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Podcast No. 82: Crosslifter Obi Vincent

July 14, 2020

Crosslifter Obi Vincent joins the WHOOP Podcast to discuss his remarkable transformation from an overweight teenager to one of the most recognizable fitness figures in the world today.

By Will Ahmed

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Obi candidly details his struggles with anxiety and an eating disorder, and talks about what he’s learned from those experiences. He also shares his tips and tricks for optimizing your workouts, why he believes people should try as many activities as possible, and how WHOOP has helped him sleep better and recover more.

Obi Vincent Podcast Show Notes:

3:03 – A Remarkable Transformation. “If you had asked me when I was about 16 if I would be doing this now, there’s no way. I was way more into video games than I was into fitness.”

4:37 – Getting Into Fitness. “I started when I was about 19. I felt like I needed to lose some weight. I started off running, as a jogger actually, before I even entered the gym. I didn’t even know a gym existed.”

5:13 – Losing Weight. “I was overweight, but I always say I was chubby in the right places. I was a double-XL at 16, 17. I have this hoodie that fits me now and that shows you how big I was at 16. I’ve kept it because it’s a memory thing for me.”

6:28 – Battling An Eating Disorder. “It was an unhealthy relationship with food. I didn’t think it was a problem until I realized it was a problem. If I had a slice of bread I’d cut out the corners and just have the middle bit. I bought a small bowl that a kid would use and I’d use that as my portion control. Obviously being a teenager, that wasn’t enough. … I was probably eating twice a day, if that. Sometimes once a day. I didn’t think there was anything wrong with that because I had no guidance. I didn’t have a magazine, we didn’t have social media back then, I just did it all on my own instincts.”

7:37 – Learning the Right & Wrong Way to Lose Weight. Obi reflects on the mistakes he made when he first started trying to lose weight and get into better shape. “I think the first thing I would do [now] is research, which is probably what I didn’t do enough of, well, I didn’t do anything. And also not have the mindset that food is the enemy, because that’s what I had to tell myself: Food was the enemy. I wouldn’t eat the foods that I liked for a whole year. I just wouldn’t touch certain foods, and if I did, if I had a burger, I’d feel bad for a week. I wouldn’t eat the next day. I’d go and run for 2 or 3 hours just to get rid of that guilt. It was bad.”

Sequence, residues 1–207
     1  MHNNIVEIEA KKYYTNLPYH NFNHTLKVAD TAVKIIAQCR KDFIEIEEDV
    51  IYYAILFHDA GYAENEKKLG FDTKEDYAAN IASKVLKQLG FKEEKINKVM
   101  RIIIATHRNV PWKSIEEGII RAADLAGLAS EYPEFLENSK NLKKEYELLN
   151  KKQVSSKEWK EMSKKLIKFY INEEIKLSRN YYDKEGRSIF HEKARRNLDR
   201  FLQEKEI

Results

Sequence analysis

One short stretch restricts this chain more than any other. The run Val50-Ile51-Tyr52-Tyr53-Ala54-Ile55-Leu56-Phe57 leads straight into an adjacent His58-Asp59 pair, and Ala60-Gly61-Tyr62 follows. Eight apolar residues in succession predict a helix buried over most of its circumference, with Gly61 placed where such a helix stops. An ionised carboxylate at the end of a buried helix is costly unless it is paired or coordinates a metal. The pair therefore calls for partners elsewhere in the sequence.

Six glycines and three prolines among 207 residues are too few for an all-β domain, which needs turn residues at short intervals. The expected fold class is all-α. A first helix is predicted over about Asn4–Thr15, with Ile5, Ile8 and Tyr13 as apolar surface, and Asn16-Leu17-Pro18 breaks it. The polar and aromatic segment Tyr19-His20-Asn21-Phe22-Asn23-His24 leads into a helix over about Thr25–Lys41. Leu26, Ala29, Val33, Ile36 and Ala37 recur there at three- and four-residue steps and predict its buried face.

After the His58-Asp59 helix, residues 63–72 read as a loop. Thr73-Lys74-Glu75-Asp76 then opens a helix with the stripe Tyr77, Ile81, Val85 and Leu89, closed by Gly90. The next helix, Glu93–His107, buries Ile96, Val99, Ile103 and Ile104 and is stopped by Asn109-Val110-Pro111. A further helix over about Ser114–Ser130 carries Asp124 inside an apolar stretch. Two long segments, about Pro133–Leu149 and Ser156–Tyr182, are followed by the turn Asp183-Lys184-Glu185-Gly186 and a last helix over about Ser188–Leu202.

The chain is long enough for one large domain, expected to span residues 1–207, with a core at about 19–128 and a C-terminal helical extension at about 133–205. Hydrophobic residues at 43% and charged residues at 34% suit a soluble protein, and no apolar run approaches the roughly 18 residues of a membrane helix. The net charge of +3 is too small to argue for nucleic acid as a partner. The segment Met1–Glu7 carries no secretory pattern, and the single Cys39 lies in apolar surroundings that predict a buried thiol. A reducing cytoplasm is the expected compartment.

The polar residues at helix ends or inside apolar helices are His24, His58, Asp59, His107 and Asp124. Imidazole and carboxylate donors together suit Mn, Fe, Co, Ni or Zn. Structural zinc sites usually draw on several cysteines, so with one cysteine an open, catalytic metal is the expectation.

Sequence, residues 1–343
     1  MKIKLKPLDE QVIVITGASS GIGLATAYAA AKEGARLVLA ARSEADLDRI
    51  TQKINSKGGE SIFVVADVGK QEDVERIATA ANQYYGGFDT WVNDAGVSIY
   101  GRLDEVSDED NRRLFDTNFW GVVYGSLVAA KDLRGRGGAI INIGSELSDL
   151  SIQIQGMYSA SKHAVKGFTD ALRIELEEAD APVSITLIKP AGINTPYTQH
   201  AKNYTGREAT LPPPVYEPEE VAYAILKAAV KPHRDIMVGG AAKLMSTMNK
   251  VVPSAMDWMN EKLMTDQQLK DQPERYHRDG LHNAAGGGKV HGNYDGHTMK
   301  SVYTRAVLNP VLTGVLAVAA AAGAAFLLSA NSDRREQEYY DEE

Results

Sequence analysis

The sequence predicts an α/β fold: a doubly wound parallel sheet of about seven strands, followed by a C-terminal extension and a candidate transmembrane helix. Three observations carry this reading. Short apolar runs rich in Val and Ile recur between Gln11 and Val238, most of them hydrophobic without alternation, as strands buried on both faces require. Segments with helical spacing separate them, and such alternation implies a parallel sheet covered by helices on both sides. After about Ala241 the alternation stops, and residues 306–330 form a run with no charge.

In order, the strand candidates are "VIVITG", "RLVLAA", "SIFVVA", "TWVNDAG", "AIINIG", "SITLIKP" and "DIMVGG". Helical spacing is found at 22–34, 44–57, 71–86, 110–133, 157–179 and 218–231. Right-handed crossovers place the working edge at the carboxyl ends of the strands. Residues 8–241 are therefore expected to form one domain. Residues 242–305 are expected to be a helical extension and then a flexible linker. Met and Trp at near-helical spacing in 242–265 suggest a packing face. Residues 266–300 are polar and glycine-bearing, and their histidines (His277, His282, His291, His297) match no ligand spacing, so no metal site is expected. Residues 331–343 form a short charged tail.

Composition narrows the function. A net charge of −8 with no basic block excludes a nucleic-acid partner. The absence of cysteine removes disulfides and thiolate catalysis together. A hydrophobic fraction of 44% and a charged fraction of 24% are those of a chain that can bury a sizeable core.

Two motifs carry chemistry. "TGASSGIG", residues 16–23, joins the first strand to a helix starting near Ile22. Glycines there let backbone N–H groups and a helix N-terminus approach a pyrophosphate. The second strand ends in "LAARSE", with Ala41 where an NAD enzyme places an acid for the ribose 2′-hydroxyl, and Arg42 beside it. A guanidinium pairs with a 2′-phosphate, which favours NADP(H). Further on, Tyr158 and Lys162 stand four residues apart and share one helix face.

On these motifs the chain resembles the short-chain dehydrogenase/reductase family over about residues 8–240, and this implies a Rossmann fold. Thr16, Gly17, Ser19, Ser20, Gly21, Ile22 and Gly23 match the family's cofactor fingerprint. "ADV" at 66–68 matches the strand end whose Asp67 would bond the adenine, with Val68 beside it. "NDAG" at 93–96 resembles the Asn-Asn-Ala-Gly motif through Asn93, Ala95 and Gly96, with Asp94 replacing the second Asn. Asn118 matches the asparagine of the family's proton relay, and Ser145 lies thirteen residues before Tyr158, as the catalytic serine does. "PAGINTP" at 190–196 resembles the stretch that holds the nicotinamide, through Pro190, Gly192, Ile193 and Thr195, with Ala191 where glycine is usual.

8:28 – Overcoming. “It was when I finally decided to become a personal trainer. I studied to become a fitness instructor and then a personal trainer and that helped massively because we had to [learn] nutrition. That was the first time I learned about macros and calories, I had no idea what those meant. It doesn’t surprise me when I get a lot of people that say ‘What’s a macro? What are calories?’ I was exactly the same. That was the only way I learned what those were and how to calculate your BMI, your total daily expenditure. That was when I learned what those meant. Calories in versus calories out. Things like that. That time period was when I realized that there was more to diet and nutrition than just restricting food to lose weight.”

9:55 – Bodybuilders and Eating Disorders. “There was a point in my life when I did stage competitions … and then all of the bad habits started again. A lot of people in my industry, we all look great, but I guarantee you that some of us don’t have a great relationship with food. It’s the extreme end. We restrict so much and we see some foods as bad or the enemy and that relationship with food, that [bad] cycle comes back again.”

11:48 – Food and Bodybuilding Culture. “I looked great and on Instagram my pictures looked incredible, but I was just eating food because of necessity. I wasn’t enjoying it. It just took me back to that point when I was losing weight when I was 18 or 19. I was doing the same thing again. However, the difference was nobody was saying it was unhealthy. All you would get is, ‘Oh, you look shredded. You look amazing. You look incredible.’ Actually, [I] was hungry.”

15:21 – Expressing Vulnerability with Mental Health. “It doesn’t make you less of a man if you are willing to share how you feel.”

17:28 – Adjusting to COVID-19 Lockdowns. “I think a lot of us would be lying to ourselves if we didn’t feel, in some type of way, that this affected us. Some people just handle things better. I like my routine. I like to plan my day, my week. I like to do things in a certain way all the time. And when, all of a sudden, it has to change, I do panic a bit. That did throw me off.”

21:36 – Goals. “What I want my [social media] page to be is I want you to be able to learn something. … I want someone who is stuck in a rut with training and think ‘This is something different. This is something I’ve never thought of trying.’”

22:27 – Flexibility and Mobility. “I’m trying to make it cool that you can be mobile and be jacked or go to the gym and train and be mobile and take care of yourself and take care of your joints.”